NOTE FROM ANGELA: I am so pleased to share Part 2 of Michelle’s Story of Hope (if you missed Part 1 you can read it here). Michelle gives us a raw look at what it’s really like to face mental illness head on. Her thoughts and feelings are honest, painful, and well worth the read.
Earlier that day he had been at our local hardware store. He told me that there was a conspiracy and that the voices were telling him to destroy the shelves of bug spray. More voices had him pushing over a 10 foot Christmas tree display in front of the store. The police were called and they let him go home with a written warning, bug spray for our new 10 foot Christmas tree, and a large black pocket knife. All I could do was cry.
“People are messing with me,” Tim explained, “See that blue car, they are messing with me.”
“Are you crazy? Do you even hear what you’re saying? No one is after you, and no one cares!” I cried frustrated.
“If this isn’t happening then I need to be locked up because I am crazy, I’m out of my mind. Iamoutofmymind. I. Am. Crazy. Crazy. Crazy. You can’t tell me you didn’t see the codes about bombs on that TV show…you can’t… Tellmeyoudidnotseethecodes!” Tim ranted waving his arms about the car.
Maybe it’s a brain tumor, I told myself, a brain tumor would be better than crazy. I prayed for a tumor as I sat in the ER, Tim pacing the room muttering non-stop about upside down electrical outlets and triangles, asking why the nurses were wearing blue.
“You’re messing with me! You are in on it!” He told me. “When are you going to stop bluffing Michelle?” Tim asked.
Oh dear God please let this be the tumor talking.
Tim spent three weeks in a psychiatric care center on a non-voluntary hold.
I told the doctors, I feared for my safety and I didn’t want him home.
I found it hard to reach out to family and friends. The label mental illness is shameful; I didn’t want anyone to know. I didn’t want them to know my husband was in a mental ward, that he had lost his mind and was preaching to the walls.
Breathe Michelle, breathe.
I’d try and tell myself I was overreacting, knowing this would get better, it had to get better.
“It gets worse before it gets better,” they tell you. “”Just take care of yourself,” they say. But all I can think is, Who are these Polly-Anna people and what do they know about taking care of “you” when there are so many other people to take care of!
Let’s be real here: Having a husband locked up in a mental hospital stinks. If my husband was in the hospital because he had cancer or was hit by a truck the whole world would be banging down my door bring meals, folding laundry, holding my hand, and praying with me. No one brings a casserole and starts a prayer chain for the family of the psycho in the funny farm.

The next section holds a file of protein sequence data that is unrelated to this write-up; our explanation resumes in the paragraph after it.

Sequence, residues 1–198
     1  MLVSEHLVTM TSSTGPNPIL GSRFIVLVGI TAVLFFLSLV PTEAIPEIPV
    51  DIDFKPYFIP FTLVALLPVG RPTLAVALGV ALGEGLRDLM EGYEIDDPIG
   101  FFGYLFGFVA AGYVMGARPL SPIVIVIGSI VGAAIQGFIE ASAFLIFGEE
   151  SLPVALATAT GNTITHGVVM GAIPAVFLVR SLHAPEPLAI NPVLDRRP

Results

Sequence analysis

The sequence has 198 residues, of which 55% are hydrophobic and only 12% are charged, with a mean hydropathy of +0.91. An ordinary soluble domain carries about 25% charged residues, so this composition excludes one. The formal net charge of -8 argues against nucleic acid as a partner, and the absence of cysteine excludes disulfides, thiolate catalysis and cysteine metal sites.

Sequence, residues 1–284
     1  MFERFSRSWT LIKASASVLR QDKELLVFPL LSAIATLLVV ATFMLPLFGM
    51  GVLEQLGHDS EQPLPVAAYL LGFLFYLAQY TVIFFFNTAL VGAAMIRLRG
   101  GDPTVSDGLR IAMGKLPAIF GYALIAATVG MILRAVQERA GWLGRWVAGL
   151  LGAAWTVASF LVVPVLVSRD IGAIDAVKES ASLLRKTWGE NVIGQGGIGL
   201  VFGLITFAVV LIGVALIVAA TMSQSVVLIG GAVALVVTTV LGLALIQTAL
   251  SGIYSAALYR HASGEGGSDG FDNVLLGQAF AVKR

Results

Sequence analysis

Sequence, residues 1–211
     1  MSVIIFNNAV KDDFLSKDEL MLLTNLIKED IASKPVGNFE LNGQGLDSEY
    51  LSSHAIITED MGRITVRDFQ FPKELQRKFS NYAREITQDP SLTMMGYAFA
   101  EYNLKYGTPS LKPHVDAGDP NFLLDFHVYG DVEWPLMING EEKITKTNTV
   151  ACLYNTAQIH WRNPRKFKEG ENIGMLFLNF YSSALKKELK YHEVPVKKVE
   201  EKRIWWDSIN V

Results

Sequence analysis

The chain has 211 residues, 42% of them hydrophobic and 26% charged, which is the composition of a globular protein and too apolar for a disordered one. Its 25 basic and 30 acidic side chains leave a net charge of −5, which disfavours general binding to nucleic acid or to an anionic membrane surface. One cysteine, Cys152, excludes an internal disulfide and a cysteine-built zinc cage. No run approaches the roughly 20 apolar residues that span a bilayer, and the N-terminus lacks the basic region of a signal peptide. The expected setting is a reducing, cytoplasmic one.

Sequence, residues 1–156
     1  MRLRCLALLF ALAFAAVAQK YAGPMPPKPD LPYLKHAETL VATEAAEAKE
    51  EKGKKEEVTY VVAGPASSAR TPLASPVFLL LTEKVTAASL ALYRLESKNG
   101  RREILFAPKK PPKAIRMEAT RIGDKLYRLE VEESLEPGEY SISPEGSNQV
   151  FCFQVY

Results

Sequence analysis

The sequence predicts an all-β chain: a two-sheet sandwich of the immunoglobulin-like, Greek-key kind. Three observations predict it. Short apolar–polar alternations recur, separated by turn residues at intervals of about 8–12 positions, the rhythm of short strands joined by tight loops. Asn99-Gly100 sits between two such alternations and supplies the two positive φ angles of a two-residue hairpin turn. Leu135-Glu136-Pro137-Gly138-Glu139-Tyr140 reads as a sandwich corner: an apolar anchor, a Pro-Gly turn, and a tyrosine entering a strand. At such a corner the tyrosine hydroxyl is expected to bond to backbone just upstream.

This would not be Tim’s first stay in a hospital for his mental illness. The diagnosis of bipolar schizoaffective disorder would come later; his manic episodes would consume the family and have me in a constant state of anxiety. His madness would spin on for days, sending him out of our house and into the woods to find Jesus, the Holy Ghost, or Batman; he would come home wet and bruised.
I was suffocating from the panic and the daily crisis, finding Tim walking the streets at 3 am, finding the fires he had set in the back yard, finding checks for hundreds of dollars given to churches. Tim wouldn’t talk to me, and wouldn’t touch me. When confronted he would tell me he wasn’t doing anything wrong, wasn’t hurting anyone, I was the one that needed to take meds, I was the one with the problem.
I was scared, bitter, resentful, and thinking meds sounded really good. The kids were scared and calling their daddy crazy. I was talking through swarms of angry hornets again. I felt stuck, trapped and wanted to run, wanted out of this madness. I made plans to leave Tim. The idea of living with this man for another day or another hour was sucking me under like a rip tide, I could no longer subject the kids to his insanity.
It wasn’t until I hit my own breaking point that I reached out for support. I fell on my face and prayed…(Don’t miss the conclusion to the story on Wednesday!)
Are you at a breaking point today? You might not be facing the same circumstances but we all need support; from God, from one another, and many times from a professional. Don’t let shame and fear keep you in isolation!
Michelle Moore is a wife and mom of 4 active children. She is a volunteer speaker for NAMI of Clackamas County. She has a talent for being witty and loves using comic relief to make others smile, although her children would disagree. When she’s not sorting socks, she enjoys reading, writing, and walking her dogs. Michelle and her family live in Oregon. You can contact her firstname.lastname@example.org